The Human Journey
The Axial Age

Axial Age Thought


Hinduism

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Most scholars believe that during the second millennium BCE, the Sanskrit-speaking Aryans migrated gradually south from the Central Asian steppes, through the lands of modern-day Afghanistan, where they encountered the remains of the older The Indus-Sarasvati Civilization, and infiltrated the Indian subcontinent about 1500 BCE.

Map of South Asia

Between 1500 - 1200 BCE the Rig Veda “Knowledge in Verse” was written down in an early form of Sanskrit called Vedic. This is the most prestigious portion of the Vedic Scriptures and became the text upon which Hinduism, one of the great Axial religions, was developed. It contains over a thousand songs to gods and goddesses divided into ten books. The content of these hymns includes praises, blessings, and sacrifices. Proper pronunciation of each letter is to this day given extreme importance in Rig-Veda recitation. Every sound and letter has a deep meaning attached; hence they must be properly used. It is probable that the texts were chanted at religious ceremonies and the participants transported thereby into another state of consciousness.

These sacred texts were revealed to rishis, the seers of ancient times, and as such were absolutely authoritative and divine, having been passed down orally from generation to generation through seven priestly families.

While the Rig is the oldest of the Vedas, there are three other Vedas: the Sama Veda, or the “knowledge of chants”; the Yajur Veda or “knowledge of rites”, which serves basically as a “how to make sacrifices” book; and the Athara Veda, which represents the knowledge given by the sage Athara.

The Vedas were hymns of praise and sacrifice that gave assistance to the gods who would in return ensure cosmic regeneration. They were compiled after a period of about 500 years during which the Aryan have assimilated indigenous religious ideas as well. The Vedas helped shape Indian society, which basically consisted of Brahmin Priests, or Brahmin warriors, producers and servants. Both the Rig Veda and Vedic literature were influential in the development of the caste system.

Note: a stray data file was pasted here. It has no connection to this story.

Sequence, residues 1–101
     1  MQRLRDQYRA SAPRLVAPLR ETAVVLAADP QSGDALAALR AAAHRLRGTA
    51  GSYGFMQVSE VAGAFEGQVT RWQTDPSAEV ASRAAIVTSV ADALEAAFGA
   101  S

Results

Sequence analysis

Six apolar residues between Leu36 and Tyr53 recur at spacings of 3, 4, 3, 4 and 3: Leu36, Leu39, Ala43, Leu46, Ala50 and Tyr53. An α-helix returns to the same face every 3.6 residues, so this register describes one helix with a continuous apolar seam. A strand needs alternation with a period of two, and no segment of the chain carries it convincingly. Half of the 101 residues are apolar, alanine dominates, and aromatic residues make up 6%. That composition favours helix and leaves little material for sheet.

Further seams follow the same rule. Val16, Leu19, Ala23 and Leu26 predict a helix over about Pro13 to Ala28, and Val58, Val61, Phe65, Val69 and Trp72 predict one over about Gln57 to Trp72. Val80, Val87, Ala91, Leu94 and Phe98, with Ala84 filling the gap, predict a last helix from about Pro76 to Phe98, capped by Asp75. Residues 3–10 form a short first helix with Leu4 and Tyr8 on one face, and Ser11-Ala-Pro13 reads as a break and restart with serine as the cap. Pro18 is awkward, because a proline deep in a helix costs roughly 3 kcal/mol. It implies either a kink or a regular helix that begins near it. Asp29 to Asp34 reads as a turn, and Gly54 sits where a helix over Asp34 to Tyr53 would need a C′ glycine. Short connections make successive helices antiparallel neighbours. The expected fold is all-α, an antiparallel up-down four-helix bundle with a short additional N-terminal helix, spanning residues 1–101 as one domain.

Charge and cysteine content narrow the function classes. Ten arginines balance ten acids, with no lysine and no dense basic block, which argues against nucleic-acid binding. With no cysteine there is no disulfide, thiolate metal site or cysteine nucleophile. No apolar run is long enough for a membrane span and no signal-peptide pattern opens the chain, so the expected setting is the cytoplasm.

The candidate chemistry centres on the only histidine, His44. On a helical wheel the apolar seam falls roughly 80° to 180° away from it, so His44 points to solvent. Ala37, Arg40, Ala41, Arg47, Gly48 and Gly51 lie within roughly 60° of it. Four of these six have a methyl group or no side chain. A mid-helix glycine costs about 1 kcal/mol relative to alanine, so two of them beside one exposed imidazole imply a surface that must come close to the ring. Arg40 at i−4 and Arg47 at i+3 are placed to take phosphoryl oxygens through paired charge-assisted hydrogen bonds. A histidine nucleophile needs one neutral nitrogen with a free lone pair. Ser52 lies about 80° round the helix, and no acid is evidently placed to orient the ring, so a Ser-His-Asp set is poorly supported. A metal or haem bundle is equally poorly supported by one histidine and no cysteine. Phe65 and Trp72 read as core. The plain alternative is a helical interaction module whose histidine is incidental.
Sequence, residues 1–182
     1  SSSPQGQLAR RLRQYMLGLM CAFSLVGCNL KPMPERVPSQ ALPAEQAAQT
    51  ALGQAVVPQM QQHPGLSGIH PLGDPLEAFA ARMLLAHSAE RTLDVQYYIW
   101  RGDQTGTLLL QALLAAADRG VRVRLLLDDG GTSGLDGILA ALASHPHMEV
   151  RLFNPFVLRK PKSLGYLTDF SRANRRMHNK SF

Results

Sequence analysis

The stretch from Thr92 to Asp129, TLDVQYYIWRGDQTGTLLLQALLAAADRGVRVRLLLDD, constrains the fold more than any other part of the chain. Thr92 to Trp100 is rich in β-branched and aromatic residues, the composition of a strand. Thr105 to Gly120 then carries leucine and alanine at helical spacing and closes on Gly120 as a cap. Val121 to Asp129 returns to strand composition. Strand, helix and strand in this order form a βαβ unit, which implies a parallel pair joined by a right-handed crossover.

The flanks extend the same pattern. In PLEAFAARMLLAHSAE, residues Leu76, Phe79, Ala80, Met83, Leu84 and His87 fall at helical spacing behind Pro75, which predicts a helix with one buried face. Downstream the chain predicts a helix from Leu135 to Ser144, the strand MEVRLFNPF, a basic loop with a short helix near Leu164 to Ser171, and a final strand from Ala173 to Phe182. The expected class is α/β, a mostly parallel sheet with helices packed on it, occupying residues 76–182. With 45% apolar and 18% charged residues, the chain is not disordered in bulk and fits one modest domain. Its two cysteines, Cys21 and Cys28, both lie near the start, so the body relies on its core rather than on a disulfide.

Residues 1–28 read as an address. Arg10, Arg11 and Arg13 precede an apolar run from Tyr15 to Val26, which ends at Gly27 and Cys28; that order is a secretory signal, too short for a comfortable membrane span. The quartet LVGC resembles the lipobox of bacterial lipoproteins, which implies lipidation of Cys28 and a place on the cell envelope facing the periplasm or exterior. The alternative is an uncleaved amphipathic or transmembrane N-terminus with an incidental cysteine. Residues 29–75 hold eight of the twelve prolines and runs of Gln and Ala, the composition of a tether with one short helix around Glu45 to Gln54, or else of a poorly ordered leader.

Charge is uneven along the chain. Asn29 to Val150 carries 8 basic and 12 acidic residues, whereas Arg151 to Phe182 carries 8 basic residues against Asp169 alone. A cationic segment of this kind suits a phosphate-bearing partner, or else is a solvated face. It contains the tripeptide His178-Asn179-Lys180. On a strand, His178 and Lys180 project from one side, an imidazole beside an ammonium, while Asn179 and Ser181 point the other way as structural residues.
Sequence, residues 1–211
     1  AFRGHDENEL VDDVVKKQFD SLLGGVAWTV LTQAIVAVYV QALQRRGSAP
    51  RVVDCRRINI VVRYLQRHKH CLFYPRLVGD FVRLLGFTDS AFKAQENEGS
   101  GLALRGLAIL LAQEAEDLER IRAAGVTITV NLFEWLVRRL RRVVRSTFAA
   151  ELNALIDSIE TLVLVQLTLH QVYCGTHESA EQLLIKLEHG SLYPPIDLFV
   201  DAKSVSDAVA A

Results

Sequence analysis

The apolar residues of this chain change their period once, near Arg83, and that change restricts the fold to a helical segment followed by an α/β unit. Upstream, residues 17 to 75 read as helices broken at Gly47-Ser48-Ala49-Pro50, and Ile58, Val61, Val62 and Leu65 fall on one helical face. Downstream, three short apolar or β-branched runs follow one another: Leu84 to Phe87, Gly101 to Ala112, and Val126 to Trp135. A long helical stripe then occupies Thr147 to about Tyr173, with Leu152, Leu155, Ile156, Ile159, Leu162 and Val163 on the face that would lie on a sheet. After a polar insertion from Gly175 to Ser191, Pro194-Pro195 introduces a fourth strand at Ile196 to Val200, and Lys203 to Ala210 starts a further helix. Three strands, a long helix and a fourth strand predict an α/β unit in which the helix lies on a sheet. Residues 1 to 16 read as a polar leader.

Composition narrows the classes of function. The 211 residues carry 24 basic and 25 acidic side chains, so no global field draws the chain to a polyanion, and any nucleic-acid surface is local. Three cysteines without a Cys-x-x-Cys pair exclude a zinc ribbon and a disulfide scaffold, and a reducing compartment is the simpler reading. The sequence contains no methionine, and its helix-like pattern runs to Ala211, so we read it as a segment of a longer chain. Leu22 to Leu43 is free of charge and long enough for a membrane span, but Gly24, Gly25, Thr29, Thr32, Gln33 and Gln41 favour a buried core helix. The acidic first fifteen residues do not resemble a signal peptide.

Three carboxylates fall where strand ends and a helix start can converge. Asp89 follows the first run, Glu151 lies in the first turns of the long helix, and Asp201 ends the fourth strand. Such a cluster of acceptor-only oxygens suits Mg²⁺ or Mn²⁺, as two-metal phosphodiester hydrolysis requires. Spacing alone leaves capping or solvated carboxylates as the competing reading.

By about 1,000 BCE the Aryans began to settle in towns, became farmers and were in contact with non-Aryan peoples. Over the next four centuries, with their numbers increasing, they began to expand into cities. Aryan traders, merchants, landlords appeared, as did money-lenders. They began trading with Arabia, the empire of the Assyrians, and later with China, the Malay Peninsula and the islands of what are now Indonesia and the Philippines. By 600 BCE numerous cities had arisen in northern India – cities with fortifications, moats and ramparts to protect them from war. In northern India along the Ganges River, sixteen different kingdoms had emerged.

Map of southeast asia

This expansion of the Indo-Aryans into the Gangetic plains brought with it changes in thinking, diversity of opinion and questioning of the status quo.
As their material success increased, people began to question its ultimate value. In addition, there was rising doubt about the value of ritual that began to be associated with resentment of the Brahmin’s monopoly of religious practice. As people became less interested in religious routine and ritual sacrifice their focus changed to questions about the self and its relationship to the universe. Vedic notions were retained but adapted, reinterpreted and expanded to include Hindu changes. Between 800 - 600 BCE religious life changed as Classical Hinduism and the advent of the Axial Age arrived in India.

Map of the Indo_Gangetic Plain
Schematic map of the Indo-Gangetic Plain

This new interest was expressed in contemplative writings called the Upanishads, a collection of as many as two hundred books written across two centuries. The Upanishads became the basis of Hinduism, serving as a summary of all of the knowledge of the Vedas as well as a commentary on them. Some contributors to the Upanishads repeated beliefs already expressed in the Vedas, such as, every living thing has a spirit, and all spirits are able to migrate in and out of things. But now the Hindus saw death as the passing of one’s own spirit into another new being, reincarnated in a continuous series of births, deaths and rebirths – called samsara, “wandering”. Where a spirit or soul went after death depended upon how well the person had behaved in a previous life. Good actions led to a soul reincarnating to a higher form of life; bad actions led to the soul entering a lower form of life.

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